Two elephants are in a bathtub. One elephant says to the other, “Please pass the soap.” The other elephant says, “No soap, radio!”
My informant first heard this joke from her father, who’d been telling it for as long as either she or he can remember. My informant told me that her father used to say this joke to her all the time, and it would always make her laugh. It wasn’t until she turned 12 or so that she realized she had absolutely no idea what the joke meant. She would ask her dad again and he’d just laugh and say the punchline again, “No soap, radio!” As if it were incredibly obvious. After bothering him about it for a long time, she finally told me her that he, in fact, had no idea what the joke meant either. It was just something someone had told him years ago and had stuck with him. The point of the “joke” is that there is no punchline, it’s just a practical joke, meant to provoke a reaction from the person who hears it. Either the person hearing the joke will assume a false understanding of the joke–“Oh, hahaha, I get it!”–and thus becomes the butt of the joke himself, or they will confess that they don’t get it, and therefore feel left out.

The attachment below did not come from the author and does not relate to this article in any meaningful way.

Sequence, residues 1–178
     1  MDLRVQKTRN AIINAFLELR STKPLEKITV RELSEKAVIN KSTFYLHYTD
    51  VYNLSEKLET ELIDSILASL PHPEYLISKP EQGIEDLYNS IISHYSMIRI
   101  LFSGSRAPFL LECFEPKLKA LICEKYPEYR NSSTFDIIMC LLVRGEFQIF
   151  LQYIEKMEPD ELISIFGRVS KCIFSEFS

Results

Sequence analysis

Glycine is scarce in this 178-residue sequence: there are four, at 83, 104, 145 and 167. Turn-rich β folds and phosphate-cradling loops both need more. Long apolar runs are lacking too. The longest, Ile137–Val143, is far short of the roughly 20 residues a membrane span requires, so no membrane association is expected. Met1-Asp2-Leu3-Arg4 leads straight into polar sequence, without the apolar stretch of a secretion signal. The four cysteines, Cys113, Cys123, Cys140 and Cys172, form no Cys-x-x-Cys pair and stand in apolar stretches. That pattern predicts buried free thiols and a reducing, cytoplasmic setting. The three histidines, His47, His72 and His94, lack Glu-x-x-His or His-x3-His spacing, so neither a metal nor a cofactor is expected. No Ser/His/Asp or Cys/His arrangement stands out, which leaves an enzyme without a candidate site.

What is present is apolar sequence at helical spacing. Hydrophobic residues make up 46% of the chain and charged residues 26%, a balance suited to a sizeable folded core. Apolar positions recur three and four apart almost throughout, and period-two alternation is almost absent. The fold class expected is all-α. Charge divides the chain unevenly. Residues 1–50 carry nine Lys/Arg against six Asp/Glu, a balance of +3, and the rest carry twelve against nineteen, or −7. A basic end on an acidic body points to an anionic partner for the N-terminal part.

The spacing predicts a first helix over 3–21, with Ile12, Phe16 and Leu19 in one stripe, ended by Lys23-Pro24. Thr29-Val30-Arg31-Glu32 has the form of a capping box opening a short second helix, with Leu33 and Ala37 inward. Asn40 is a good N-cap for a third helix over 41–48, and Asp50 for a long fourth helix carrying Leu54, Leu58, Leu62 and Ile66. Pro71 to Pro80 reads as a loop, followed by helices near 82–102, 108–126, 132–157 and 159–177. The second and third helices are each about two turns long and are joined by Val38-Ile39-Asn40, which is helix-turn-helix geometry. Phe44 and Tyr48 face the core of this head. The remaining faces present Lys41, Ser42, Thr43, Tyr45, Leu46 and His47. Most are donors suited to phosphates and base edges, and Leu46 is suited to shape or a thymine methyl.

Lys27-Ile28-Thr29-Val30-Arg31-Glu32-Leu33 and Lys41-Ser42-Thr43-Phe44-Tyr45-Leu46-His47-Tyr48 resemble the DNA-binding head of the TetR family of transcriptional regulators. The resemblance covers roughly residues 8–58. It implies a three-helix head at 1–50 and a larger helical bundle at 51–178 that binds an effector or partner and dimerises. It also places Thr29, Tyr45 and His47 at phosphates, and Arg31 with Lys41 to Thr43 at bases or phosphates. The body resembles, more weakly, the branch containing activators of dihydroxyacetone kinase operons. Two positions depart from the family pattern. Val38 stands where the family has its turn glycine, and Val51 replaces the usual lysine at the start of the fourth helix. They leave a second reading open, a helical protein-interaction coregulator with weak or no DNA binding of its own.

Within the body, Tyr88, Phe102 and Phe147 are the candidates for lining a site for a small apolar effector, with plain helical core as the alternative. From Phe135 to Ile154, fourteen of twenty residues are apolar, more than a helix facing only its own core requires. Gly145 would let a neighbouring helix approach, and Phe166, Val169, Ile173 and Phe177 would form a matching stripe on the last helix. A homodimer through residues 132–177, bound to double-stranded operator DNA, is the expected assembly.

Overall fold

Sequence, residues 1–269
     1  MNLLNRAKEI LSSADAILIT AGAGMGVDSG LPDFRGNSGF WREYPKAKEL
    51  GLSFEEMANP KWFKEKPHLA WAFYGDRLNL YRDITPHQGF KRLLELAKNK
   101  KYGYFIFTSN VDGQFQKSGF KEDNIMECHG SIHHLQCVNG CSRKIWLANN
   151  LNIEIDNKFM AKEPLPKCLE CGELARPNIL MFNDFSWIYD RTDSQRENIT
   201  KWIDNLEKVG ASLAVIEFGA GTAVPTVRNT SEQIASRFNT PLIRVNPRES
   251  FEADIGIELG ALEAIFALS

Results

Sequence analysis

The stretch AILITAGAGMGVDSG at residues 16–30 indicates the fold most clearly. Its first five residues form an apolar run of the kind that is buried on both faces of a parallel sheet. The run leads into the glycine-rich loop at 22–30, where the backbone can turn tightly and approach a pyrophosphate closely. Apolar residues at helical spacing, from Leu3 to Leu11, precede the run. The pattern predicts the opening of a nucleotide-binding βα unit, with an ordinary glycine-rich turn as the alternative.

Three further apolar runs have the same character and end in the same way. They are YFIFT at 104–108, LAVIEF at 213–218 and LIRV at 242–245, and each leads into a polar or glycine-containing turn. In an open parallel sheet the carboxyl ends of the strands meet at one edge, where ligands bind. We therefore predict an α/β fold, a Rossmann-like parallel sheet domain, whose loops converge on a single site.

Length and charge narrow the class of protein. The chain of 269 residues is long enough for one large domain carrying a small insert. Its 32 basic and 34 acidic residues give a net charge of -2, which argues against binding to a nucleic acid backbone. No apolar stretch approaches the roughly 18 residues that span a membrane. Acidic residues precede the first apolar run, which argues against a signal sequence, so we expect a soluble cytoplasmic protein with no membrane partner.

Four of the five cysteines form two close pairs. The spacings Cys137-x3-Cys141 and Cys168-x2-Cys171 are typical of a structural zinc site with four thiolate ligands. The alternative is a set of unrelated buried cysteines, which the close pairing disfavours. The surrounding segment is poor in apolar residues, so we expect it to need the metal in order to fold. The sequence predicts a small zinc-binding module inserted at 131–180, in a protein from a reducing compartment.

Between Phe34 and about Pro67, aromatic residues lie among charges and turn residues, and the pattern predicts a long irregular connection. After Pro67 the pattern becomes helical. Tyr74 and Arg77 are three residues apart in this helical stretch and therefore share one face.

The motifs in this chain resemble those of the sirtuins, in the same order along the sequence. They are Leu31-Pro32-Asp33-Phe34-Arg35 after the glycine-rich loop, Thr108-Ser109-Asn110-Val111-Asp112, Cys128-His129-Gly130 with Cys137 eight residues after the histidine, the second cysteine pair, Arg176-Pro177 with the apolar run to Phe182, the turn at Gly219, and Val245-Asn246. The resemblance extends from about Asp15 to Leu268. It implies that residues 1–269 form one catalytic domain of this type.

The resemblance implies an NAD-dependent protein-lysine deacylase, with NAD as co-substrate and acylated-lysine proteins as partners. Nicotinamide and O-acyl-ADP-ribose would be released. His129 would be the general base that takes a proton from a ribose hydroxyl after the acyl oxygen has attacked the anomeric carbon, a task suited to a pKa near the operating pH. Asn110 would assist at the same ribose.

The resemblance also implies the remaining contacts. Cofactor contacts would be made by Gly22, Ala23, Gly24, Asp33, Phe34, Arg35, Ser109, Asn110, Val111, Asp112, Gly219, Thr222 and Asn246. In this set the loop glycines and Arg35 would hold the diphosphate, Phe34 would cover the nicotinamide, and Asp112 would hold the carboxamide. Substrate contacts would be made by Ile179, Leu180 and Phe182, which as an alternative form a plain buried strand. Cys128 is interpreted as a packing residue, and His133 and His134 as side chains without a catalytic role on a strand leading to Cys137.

The joke is best when told with a wingman. Way when the joker says the punchline, the wingman laughs, which encourages others to laugh–even if they have no idea what they’re laughing about.
My informant tells me her entire immediate family knows this joke, and once in a while they’ll employ it on an unsuspecting stranger. “Everyone always falls for it and laughs the first time,” she said, “and so even after, when you’re on the ‘inside,’ it’s never mean-spirited…everyone is always embarrassed about the time they laughed!”